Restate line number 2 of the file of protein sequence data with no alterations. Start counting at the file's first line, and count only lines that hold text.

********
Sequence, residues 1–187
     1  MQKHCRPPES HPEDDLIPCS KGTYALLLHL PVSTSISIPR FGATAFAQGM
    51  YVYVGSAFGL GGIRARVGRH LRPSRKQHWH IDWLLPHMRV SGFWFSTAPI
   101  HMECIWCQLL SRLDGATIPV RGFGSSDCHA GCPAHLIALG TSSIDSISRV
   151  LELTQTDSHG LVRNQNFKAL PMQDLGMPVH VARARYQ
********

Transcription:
     1  MQKHCRPPES HPEDDLIPCS KGTYALLLHL PVSTSISIPR FGATAFAQGM